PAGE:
By Suraksha P |
BENGALURU: Sajida Begum, 65, has been living at the Leprosy Hospital on Magadi Road for the past 10 years. Her family left her at the hospital years ago and does not come to visit. This leprosy patient’s only sustenance is the Rs 1,000 pension that she gets every month. Three months ago, this was stopped for the lack of an Aadhaar card.
Sajida has lost her fingers and also her sight to the debilitating disease. In August this year, she got a letter from the deputy tahsildar’s office in Rajajinagar that her pension would stop in seven days if she failed to link it with her Aadhaar card. Sajida has no card. Fingerprint and iris scan are mandatory for Aadhaar verification, but Sajida doesn’t have those biometrics.
Dr Ayub Ali Zai, administrative medical officer, Leprosy Hospital, said, “She buys clothes and meets her meagre needs with that money. But since August she hasn’t received pension. She is totally blind in both the eyes, has no fingers or toes. I don’t know how her biometric identification can be done.” Zai wrote a letter to UIDAI officials requesting them to exempt her from biometric verification considering her problem. “We don’t know if this is just an administrative delay in sending pension or if they have stopped it,” he added.
Sajida sobs inconsolably when asked about her family. “I don’t know where my daughter and son-in-law are. Nobody comes to see me. Please give me my money,” she cried.The 100-bed hospital currently has 57 inmates, and Zai says at least 10 of them have no Aadhaar card. Zai said, “There is another patient called Rajanna who doesn’t have an Aadhaar card and has received the same letter from the tahsildar’s office.”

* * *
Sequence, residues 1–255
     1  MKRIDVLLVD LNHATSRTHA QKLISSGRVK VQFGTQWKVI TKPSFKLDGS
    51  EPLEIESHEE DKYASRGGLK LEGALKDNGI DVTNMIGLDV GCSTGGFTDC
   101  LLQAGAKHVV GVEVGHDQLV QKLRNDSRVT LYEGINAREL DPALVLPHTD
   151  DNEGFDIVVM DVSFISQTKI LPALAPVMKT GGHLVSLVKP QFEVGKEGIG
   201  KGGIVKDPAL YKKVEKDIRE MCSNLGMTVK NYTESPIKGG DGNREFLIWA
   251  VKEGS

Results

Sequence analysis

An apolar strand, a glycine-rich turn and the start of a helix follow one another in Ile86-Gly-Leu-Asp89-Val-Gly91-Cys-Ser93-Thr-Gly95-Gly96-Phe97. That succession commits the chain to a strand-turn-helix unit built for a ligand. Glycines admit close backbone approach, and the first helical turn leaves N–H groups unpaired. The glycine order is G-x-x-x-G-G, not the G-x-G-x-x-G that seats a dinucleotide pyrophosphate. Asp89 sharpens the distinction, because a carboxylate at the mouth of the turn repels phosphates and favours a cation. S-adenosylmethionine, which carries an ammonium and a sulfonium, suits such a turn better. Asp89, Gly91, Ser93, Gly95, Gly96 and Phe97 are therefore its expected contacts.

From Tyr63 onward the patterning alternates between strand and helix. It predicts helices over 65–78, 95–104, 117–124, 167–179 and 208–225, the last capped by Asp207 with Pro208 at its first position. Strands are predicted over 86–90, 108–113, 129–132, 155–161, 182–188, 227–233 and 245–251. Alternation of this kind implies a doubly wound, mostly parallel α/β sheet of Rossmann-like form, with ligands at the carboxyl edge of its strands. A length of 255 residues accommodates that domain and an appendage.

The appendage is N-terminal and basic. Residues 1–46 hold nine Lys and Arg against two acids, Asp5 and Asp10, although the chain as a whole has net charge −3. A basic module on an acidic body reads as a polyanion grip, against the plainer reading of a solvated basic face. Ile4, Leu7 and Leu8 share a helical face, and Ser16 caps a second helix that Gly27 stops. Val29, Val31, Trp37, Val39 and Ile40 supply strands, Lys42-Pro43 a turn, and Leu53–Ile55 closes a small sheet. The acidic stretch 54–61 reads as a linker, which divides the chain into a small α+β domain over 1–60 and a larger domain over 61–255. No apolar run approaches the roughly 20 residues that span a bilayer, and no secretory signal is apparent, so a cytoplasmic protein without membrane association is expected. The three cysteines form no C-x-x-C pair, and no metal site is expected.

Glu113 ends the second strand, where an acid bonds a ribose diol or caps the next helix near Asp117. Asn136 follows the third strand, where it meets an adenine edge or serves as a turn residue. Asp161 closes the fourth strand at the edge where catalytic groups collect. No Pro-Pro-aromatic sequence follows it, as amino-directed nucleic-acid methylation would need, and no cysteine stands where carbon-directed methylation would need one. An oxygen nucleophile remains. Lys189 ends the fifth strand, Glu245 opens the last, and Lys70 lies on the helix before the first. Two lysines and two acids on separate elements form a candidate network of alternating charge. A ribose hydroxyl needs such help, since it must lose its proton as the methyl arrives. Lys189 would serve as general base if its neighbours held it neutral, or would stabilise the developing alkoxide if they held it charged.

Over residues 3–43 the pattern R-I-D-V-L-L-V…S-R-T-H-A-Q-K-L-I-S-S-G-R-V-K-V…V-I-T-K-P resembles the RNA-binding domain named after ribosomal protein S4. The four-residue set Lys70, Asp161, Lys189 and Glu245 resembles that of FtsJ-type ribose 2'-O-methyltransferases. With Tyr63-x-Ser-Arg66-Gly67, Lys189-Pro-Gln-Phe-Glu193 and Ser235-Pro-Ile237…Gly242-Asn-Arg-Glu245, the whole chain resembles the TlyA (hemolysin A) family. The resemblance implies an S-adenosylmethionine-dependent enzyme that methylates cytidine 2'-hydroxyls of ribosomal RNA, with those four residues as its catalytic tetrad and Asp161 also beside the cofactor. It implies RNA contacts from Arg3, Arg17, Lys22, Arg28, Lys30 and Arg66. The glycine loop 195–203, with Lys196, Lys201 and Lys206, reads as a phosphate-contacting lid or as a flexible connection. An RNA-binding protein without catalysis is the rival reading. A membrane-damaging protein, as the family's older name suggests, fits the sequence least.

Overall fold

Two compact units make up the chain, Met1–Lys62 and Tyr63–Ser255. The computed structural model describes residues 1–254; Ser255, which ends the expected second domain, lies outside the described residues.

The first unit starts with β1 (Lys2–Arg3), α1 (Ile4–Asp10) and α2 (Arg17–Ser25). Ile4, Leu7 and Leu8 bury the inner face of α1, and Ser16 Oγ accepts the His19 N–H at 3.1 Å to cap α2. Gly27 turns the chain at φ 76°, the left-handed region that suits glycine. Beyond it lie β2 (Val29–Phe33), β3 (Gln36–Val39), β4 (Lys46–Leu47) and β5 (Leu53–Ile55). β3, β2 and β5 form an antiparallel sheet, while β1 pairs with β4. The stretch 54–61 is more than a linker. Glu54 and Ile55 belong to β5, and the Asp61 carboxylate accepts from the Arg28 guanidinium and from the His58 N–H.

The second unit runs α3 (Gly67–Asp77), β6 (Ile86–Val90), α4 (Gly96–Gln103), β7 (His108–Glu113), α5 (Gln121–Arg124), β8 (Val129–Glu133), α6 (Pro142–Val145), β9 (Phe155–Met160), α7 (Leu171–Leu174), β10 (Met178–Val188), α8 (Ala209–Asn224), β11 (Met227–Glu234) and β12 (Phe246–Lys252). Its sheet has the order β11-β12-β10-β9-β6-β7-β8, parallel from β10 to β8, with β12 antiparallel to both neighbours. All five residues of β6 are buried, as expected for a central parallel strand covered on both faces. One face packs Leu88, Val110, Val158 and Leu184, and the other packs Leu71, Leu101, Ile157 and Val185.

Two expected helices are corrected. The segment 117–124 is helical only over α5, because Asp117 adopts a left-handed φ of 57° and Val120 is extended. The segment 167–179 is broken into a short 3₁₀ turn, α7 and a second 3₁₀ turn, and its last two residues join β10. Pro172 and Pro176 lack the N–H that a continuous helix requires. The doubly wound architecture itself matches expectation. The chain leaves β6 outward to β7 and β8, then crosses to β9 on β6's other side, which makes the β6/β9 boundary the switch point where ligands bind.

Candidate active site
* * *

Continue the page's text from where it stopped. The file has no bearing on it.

‘Leprosy patients can get Aadhaar rejection letter’
Of 57 inmates at the Leprosy Hospital on Magadi Road, at least 10 of them have no Aadhaar card, said Dr Ayub Ali Zai, administrative medical officer of the hospital. Zai said, “There is another patient called Rajanna who doesn’t have an Aadhaar card and has received the same letter from the tahsildar’s office. He has sight so I think even without his fingers, they can do biometric identification. How can these patients wait for camps to get enrolled? They should get the cards as soon as possible.”
Boraiah, another patient, has been making futile visits to the enrolment centre. He has been trying to get a card for his wife Puttalingamma who is also a patient. “People at the Bangalore One centre sent me back saying they cannot enrol her. I took her voter ID and told them she doesn’t have fingers,” he said.
There is lack of clarity on how people like Sajida or Puttalingamma can avail their Aadhaar cards. Officials at a Bangalore One centre said if the patient came with a medical certificate affixing a photo showing their hands, something could be done.
But when Express contacted UIDAI asking if exemptions could be made in biometrics for people with total disability, a top official requesting anonymity said, “Let them get enrolled first. Even if the woman doesn’t have sight, there may be biometrics that the machine can read. Only when the machine is unable to read and they get a rejection letter, it can be considered at the back end. There are cases where leprosy patients have got Aadhaar with whatever is left of their biometrics.”